EA and BioWare have shown that there's still room for fun in the dark fantasy world of Dragon Age--at least when it comes to promoting the upcoming sequel. This past summer, they silently introduced Dragon Age II at San Diego Comic-Con with a showing so free of advance warning that it would make the stealthiest of ninjas jealous. That hands-on demo showed a snippet of combat that was markedly bloodier and more over the top than its predecessor, a change that generated quite a lot of questions about the direction of this critically acclaimed role-playing series. But with a follow-up demo shortly after, BioWare revealed that the game's new direction in storytelling pulled one over on overzealous journalists; its framed, story-within-a-story narrative is told by a character with a tendency to exaggerate certain details of your heroic conquests on occasion--that extravagant battle scene being a prime example. So, as time has gone on, we've found that Dragon Age II isn't trying to become God of War with elves and dwarves. But it's certainly not on a path to become Dragon Age 1.5, either.
Indeed, you don't have to look far to spot the changes in Dragon Age II. There's the aforementioned narrative change, as well as the noticeably more stylized art design. And once you jump into a conversation, you'll see that the protagonist--previously mute--now speaks. This speech comes complete with a dialogue wheel that trades verbatim dialogue transcripts for a just-the-gist summary similar to BioWare's other hit franchise, Mass Effect. And, of course, there's that tricky business of combat. While you won't be playing as the unstoppable force of nature that we first experienced in that original Comic-Con demo, BioWare is still aiming to turn Dragon Age II's combat into a more fluid, less clunky affair--all without trading in the tactical elements that made the first game so much fun.
Last week, EA and BioWare brought a new demo by the GameSpot office to help illustrate that last point. The focus of this demo was the rogue class. Anyone familiar with the classes in Dragon Age: Origins knows that the rogue was perhaps the biggest labor of love. While the mage could throw fireballs like hadoukens and the warrior could carve through enemies with swords the size of NBA players, the rogue had to constantly worry about positioning on the battlefield to get the most out of his or her skills. With rear attacks being so important for the rogue, anyone playing as this class undoubtedly spent a lot of time shuffling and scurrying around enemies to get the best angle on an enemy. At this point, you've probably already guessed that BioWare would like to fix this issue.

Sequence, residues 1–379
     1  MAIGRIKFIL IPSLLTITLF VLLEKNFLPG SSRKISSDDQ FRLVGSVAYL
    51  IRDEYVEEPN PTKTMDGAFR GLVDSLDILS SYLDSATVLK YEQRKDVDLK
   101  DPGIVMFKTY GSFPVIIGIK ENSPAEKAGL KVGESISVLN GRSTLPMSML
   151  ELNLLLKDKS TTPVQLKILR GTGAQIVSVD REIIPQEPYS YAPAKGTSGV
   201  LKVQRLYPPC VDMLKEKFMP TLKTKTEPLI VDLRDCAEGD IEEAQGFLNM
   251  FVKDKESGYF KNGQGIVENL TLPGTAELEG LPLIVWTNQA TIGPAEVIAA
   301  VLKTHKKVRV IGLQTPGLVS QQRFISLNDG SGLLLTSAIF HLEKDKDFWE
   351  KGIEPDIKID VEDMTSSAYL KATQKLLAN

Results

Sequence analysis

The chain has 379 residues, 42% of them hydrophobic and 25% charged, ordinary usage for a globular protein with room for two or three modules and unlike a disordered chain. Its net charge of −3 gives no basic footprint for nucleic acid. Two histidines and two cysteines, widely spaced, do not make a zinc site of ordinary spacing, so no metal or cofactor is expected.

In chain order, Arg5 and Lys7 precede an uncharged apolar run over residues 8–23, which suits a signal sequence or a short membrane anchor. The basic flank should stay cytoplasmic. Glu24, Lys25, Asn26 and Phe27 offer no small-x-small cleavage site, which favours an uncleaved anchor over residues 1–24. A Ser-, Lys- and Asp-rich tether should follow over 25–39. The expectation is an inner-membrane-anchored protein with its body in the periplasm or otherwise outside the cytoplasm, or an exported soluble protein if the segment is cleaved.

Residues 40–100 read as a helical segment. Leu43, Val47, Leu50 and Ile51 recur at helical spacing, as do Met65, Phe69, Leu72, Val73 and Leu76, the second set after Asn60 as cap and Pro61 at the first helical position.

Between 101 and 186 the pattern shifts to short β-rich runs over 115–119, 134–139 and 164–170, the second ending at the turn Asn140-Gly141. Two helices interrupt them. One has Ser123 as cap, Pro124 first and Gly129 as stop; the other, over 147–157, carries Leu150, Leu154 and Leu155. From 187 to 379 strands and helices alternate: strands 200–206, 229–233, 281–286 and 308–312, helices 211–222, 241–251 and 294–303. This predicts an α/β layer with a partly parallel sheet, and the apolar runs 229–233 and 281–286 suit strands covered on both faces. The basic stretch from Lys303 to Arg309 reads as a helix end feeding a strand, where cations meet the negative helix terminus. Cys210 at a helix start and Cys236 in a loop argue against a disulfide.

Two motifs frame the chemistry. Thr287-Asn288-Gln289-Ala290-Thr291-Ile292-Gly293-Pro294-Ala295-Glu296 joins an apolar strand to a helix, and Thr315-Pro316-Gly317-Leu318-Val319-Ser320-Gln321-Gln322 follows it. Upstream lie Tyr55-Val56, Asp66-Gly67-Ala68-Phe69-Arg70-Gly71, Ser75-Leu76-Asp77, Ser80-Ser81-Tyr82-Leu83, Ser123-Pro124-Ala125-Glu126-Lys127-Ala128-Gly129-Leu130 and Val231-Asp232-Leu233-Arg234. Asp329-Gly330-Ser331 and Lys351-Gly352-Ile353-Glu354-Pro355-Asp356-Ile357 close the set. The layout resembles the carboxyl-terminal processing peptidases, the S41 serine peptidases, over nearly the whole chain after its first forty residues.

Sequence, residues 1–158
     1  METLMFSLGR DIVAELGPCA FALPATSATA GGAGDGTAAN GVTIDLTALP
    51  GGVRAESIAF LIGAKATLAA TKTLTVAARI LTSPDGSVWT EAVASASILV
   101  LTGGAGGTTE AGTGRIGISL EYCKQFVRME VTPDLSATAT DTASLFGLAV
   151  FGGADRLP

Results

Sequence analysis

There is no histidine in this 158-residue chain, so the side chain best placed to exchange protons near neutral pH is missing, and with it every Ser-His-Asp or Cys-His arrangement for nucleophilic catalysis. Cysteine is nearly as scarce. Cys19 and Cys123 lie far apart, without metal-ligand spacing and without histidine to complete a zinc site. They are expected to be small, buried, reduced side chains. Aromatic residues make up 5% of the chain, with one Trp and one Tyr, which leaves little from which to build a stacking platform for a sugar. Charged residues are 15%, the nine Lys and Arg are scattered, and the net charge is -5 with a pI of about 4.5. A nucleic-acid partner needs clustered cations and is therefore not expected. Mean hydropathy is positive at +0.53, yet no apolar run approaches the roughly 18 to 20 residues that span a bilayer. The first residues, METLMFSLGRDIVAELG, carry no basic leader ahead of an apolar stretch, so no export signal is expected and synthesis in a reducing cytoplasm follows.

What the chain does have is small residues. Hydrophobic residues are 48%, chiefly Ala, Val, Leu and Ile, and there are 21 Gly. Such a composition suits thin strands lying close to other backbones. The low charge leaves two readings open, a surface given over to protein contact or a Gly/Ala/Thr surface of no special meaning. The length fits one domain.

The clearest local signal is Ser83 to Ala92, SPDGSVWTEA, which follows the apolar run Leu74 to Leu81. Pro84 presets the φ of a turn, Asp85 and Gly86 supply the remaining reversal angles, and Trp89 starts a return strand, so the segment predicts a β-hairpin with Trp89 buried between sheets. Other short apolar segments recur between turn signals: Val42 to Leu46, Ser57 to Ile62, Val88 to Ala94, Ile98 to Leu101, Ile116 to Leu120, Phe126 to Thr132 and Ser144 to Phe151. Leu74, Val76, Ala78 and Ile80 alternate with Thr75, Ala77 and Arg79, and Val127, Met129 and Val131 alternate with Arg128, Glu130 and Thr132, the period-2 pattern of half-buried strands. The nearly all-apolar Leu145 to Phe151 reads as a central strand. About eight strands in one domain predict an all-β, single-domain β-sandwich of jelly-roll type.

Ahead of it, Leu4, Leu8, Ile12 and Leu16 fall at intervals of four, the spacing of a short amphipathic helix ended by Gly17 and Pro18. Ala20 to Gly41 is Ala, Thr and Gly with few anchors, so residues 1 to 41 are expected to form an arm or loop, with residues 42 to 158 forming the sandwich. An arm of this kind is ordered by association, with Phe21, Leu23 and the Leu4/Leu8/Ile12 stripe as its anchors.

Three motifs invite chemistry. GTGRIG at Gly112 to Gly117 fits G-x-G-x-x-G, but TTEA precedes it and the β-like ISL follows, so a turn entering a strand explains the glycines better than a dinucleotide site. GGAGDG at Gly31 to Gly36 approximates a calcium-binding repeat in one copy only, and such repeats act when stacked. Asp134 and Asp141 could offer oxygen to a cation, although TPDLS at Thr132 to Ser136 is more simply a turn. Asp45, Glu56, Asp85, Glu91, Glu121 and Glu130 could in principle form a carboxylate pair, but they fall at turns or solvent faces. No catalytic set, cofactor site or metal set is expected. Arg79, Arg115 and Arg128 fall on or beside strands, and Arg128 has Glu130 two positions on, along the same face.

And you'd be right. Though positioning is still critical for the rogue class, now you're able to move deftly around the battlefield without all that awkward shuffling. It's a change that mainly plays out with three new talents given to the rogue class. First, and most striking, is springboard. With this talent, you can set your sights on enemies and instantly warp behind them, immediately gaining that rear attack bonus so important to rogues. When you're going up against a small cluster or ranged attackers, you can use rush to quickly slide toward them and knock someone over in the process. And for when a scuffle gets too hot and you need to create some space, evade is a backflip maneuver that lets you quickly leap away from conflict to heal.
Like other talents, these all come at a cost. Each consumes some of your stamina and has a cooldown time once used, so like Dragon Age: Origins, much of your combat strategy revolves around effectively managing these newfound skills. BioWare is also looking to add more cross-class teamwork when it comes to spells so that rogues work more closely with mages--say when a mage freezes an enemy and the rogue swiftly dashes in to shatter him into a hundred pieces. So while your movement is more effortless, the way you dispatch enemies still requires some tactical thought.
All this makes for a combat experience that feels noticeably smoother but not really easier--changes that largely serve to iron out the kinks rather than the challenge. For anyone who enjoyed the combat in Dragon Age: Origins, that's great news, but they're clearly not the wholesale changes that are going to win over those who weren't drawn into the game in the first place. Considering how well received the first game was, that's hardly a bad thing. We're eager to see some of the other changes and improvements from BioWare as we get closer to the game's March release date.